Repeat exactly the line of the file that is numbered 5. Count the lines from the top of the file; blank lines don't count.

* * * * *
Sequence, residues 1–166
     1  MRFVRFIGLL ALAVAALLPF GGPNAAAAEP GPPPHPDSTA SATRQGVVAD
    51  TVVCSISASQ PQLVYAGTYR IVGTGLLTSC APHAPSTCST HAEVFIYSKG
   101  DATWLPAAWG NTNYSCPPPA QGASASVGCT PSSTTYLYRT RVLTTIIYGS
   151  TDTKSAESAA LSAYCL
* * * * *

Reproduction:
   151  TDTKSAESAA LSAYCL